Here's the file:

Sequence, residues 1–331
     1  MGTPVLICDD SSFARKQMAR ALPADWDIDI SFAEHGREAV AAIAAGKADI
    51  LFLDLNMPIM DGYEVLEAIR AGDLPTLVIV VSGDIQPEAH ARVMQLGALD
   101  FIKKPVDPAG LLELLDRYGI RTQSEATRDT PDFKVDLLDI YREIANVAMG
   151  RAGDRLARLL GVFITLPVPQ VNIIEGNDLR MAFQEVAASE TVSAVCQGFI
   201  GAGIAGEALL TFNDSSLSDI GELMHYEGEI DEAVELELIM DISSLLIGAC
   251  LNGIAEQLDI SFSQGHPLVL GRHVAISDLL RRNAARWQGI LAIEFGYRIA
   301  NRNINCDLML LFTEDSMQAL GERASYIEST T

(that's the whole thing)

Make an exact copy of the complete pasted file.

Sequence, residues 1–331
     1  MGTPVLICDD SSFARKQMAR ALPADWDIDI SFAEHGREAV AAIAAGKADI
    51  LFLDLNMPIM DGYEVLEAIR AGDLPTLVIV VSGDIQPEAH ARVMQLGALD
   101  FIKKPVDPAG LLELLDRYGI RTQSEATRDT PDFKVDLLDI YREIANVAMG
   151  RAGDRLARLL GVFITLPVPQ VNIIEGNDLR MAFQEVAASE TVSAVCQGFI
   201  GAGIAGEALL TFNDSSLSDI GELMHYEGEI DEAVELELIM DISSLLIGAC
   251  LNGIAEQLDI SFSQGHPLVL GRHVAISDLL RRNAARWQGI LAIEFGYRIA
   301  NRNINCDLML LFTEDSMQAL GERASYIEST T